In the field of agriculture, technology is proving to be a great tool and is in constant use to make plants resistant to pests and increase crop yields.
Recombinant DNA technology has great importance in keeping our environment clean. Through the bioremediation process, technology is proving a blessing for us. Phytoremediation and microbial remediation are producing such microorganisms that are capable of consuming plastic waste and oil spills in the oceans, saving our environment and millions of plants and animals.
Discovery of Recombinant DNA
Although the first DNA was determined in 1953, it took us two decades to generate the technology for its recombination. In the 1950s, scientists found out that plasmids, made of small pieces of DNA that can move, can replicate them into huge quantities. These plasmids do not depend on their chromosomal bacteria and are capable of transferring genetic information. This quality of host bacteria to inherit new genes led the scientist to develop hybrid organisms with new special functions.
Another discovery in this field took place in the 1960s when two scientists, Werner Arber who was a Swiss microbiologist, and Stuart Linn who was an American biochemist, found out that after adding a new gene to bacteria, they can survive the attack of the virus with the help of restrictive enzymes. This process helped us to prepare vaccines that could prevent the replication of viruses. Escherichia Coli K was the first restriction enzyme that was ever developed. It was isolated and purified by Robert Yuan and Matthew Meselson in 1968 at Harvard University.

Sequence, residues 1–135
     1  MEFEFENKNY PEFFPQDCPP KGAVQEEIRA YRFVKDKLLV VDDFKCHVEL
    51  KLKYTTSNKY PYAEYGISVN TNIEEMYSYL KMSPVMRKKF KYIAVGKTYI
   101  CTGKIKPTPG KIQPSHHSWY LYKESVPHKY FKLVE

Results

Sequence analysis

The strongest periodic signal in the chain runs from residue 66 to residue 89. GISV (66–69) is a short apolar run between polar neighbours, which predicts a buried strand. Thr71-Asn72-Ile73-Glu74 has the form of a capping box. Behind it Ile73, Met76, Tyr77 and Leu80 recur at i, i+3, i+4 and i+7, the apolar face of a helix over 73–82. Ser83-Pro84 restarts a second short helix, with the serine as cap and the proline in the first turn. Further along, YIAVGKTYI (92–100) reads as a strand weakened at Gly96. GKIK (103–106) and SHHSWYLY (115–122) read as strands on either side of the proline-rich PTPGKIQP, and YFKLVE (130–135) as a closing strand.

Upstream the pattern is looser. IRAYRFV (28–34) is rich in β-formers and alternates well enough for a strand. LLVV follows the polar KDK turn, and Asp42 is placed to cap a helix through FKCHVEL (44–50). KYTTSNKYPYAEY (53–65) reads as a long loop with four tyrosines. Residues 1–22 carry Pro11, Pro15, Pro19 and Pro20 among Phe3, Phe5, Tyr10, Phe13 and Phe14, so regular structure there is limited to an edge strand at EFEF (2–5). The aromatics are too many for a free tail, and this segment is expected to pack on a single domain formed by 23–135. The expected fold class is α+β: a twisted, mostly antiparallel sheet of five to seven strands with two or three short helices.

In 1970, Thomas Kelly, Hamilton O Smith, and Kent Wilcox from the John Hopkins University succeeded in isolating and characterizing the very first restrictive enzyme that was site-specific. They later named it Hindlll. Daniel Nathan did further research on the technology and demonstrated that it can be a useful tool to cut the required DNA from the source and paste it on the specific DNA segments.